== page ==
PEBBLE BEACH,CALIF — PEBBLE BEACH, Calif. -- Phil Mickelson has already signed a lucrative contract with a club manufacturer, reportedly worth as much as $5 million. He has a high-profile agent, an entourage and a PGA Tour victory to his credit.
Not bad for someone who turned 22 Monday and will make his professional debut today. It seems only fitting that Mickelson, a player who made history at Arizona State, will play his first pro tournament here at the U.S. Open.
"I couldn't think of a better place to make my pro debut than the U.S. Open at Pebble Beach," Mickelson said during a news conference yesterday. "This is the most nervous I've been at a pro tournament. For some reason, adding the title of professional makes me nervous."
Maybe it has something to do with the expectations that have been heaped on the 6-foot-2, 190-pound left-hander from San Diego. Maybe it has something to do with the comparisons with everyone from Ben Crenshaw to Seve Ballesteros, from Bobby Jones to Jack Nicklaus.
Considering that Mickelson became the first player since Crenshaw to win three NCAA championships, as well as last year's Northern Telecom Tucson Open, and you get an idea as to why the pressure is on. Mickelson is aware that a lot of people are watching.
"I have a lot of self-imposed expectations, that are a lot higher than everyone else's," said Mickelson, the 1990 U.S. Amateur champion.
Mickelson passed on the opportunity to turn pro after winning last year in Tucson, leaving second-place finishers Tom Purtzer and Bob Tway to split his $162,000 check. He also had to put on hold several endorsement deals, including the one he recently signed with Yonex.
"I had a chance to make a lot of money," said Mickelson, who did receive a two-year exemption for his victory. "Money is very secondary to what is important to me. The important things are my goals in the game. All my career plans are tied in to accomplishing those goals."
Rocky Hambric, whose Dallas-based sports management company represents former Open champion Scott Simpson, former Masters champion Larry Mize and former PGA champion Bob Tway, believes that Mickelson will make an impact on the tour. But he wouldn't say how soon.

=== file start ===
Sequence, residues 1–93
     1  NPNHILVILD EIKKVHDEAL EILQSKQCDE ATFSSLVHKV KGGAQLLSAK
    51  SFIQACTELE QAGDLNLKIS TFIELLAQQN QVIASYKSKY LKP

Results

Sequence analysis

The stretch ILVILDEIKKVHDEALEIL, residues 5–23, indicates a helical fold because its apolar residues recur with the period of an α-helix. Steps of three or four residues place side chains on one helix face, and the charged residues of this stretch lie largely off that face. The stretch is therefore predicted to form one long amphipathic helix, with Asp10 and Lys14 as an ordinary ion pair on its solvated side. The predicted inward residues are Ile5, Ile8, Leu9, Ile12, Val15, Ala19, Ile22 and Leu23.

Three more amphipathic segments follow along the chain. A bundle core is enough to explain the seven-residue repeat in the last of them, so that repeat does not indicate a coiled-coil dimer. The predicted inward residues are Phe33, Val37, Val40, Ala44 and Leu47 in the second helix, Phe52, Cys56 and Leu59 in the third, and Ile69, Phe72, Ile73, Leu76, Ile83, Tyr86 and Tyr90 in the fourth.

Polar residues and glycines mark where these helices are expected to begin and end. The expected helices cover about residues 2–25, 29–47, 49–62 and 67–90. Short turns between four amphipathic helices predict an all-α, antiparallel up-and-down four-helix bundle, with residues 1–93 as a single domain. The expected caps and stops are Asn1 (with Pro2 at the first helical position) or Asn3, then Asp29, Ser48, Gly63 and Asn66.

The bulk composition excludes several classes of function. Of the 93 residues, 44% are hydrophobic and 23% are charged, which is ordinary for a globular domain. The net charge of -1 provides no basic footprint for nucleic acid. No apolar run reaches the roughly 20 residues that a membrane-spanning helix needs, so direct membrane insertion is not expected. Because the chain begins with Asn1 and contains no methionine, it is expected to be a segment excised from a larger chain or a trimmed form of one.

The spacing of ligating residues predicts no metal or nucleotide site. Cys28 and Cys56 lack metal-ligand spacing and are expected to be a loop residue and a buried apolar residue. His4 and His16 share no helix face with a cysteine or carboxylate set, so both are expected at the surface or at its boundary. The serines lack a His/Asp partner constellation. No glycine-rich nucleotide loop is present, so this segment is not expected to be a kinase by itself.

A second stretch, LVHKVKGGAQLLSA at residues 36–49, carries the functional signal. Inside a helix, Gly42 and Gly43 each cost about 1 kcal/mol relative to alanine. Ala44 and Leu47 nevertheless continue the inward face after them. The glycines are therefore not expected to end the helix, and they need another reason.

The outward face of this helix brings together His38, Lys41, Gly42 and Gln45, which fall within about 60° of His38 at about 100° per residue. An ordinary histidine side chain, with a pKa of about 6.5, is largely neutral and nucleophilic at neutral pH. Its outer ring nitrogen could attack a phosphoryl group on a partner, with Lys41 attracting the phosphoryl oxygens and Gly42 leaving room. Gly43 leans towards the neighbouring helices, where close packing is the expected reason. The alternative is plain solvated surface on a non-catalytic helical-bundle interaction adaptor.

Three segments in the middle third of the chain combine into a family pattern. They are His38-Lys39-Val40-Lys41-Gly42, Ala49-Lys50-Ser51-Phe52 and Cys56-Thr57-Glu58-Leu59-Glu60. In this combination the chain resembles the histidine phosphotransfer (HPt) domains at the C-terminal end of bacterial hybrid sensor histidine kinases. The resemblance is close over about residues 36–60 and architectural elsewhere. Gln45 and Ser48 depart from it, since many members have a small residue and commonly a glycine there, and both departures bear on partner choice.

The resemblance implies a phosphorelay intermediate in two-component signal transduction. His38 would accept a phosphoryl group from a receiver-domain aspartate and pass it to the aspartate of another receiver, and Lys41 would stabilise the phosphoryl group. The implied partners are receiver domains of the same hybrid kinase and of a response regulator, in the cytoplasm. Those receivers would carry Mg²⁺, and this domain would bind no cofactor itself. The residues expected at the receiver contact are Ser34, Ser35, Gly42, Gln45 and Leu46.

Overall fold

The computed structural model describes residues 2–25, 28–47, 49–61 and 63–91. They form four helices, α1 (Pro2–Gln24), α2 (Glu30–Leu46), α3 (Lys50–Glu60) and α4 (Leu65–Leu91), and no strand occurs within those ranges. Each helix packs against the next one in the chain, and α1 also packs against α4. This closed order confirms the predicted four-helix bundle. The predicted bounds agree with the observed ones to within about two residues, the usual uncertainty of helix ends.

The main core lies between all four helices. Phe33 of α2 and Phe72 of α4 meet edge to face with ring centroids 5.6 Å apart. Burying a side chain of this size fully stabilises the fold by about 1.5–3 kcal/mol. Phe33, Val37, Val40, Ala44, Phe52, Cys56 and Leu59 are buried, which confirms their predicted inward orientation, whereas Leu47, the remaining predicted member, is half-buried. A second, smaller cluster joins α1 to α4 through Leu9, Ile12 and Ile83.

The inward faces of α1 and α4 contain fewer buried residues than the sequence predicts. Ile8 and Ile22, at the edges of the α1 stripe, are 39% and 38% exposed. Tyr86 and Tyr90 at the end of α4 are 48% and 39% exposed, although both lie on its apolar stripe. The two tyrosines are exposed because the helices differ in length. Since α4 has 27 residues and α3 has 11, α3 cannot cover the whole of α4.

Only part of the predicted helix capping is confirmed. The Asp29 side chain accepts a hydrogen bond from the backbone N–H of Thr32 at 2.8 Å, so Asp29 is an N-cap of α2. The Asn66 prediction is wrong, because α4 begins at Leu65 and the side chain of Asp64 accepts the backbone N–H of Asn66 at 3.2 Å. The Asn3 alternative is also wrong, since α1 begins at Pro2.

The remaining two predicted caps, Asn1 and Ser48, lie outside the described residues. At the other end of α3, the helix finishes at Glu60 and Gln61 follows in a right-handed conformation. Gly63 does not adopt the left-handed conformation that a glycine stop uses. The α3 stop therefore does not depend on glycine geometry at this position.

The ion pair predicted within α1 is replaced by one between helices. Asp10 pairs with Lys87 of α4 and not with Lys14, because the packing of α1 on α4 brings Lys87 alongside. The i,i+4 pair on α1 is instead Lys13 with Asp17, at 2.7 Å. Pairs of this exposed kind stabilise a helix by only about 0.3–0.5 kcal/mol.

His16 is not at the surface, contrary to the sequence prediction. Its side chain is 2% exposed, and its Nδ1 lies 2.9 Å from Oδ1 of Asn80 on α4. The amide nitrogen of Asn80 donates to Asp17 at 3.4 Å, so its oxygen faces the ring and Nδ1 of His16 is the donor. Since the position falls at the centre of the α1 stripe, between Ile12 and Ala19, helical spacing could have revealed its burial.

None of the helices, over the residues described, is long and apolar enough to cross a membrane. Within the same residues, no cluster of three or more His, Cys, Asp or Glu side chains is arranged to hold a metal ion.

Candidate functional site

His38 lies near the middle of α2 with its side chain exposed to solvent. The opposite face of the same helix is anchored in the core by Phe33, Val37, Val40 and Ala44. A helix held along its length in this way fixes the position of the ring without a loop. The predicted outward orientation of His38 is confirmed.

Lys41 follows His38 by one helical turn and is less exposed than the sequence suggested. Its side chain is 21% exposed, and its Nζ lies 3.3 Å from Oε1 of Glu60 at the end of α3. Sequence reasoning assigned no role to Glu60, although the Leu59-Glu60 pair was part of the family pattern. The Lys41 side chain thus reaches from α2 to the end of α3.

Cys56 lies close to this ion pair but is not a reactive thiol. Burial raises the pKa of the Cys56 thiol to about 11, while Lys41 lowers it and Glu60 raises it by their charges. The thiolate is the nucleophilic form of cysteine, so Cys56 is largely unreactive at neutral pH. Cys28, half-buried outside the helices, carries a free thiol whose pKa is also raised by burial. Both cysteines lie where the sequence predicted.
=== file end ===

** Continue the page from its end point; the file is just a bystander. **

"There's a lot of pressure on Phil, but he's always been the type of player who responds well to pressure," said Hambric. "He needs that extra push for him to get the most out of his talents, and I think this will do it. At the same time, this is going to be a learning experience."
Mickelson, who will be paired with fellow left-hander Russ Cochran and Gary Hallberg in the opening round, has played in two previous Opens. He finished tied for 29th two years ago at Medinah and was in contention last year until a third-round 80 led to a tie for 55th at Hazeltine.
Because his stature as an amateur enabled him to play in such events as the Masters, Mickelson has been able to play with and talk to some of the game's legends, including, as he calls them publicly, "Mr. Palmer and Mr. Nicklaus." He said that they, and others, have helped him make decisions about his career.
Said Nicklaus: "It's very important that a player like Phil Mickelson understands the difference between making money and winning golf tournaments. If he does that, he can have a very fine career."
In talking about Pebble Beach, Mickelson said, "Just playing the golf course gives me chills."
He spoke of playing the famed 17th hole during Monday's practice round, and putting his ball near the spot from which Tom Watson chipped in for birdie to beat Nicklaus in the 1982 Open here. How did he do?
"It went in," said Mickelson, who grinned sheepishly. "There wasn't a hole there. I was just pretending."
The pretending stops today.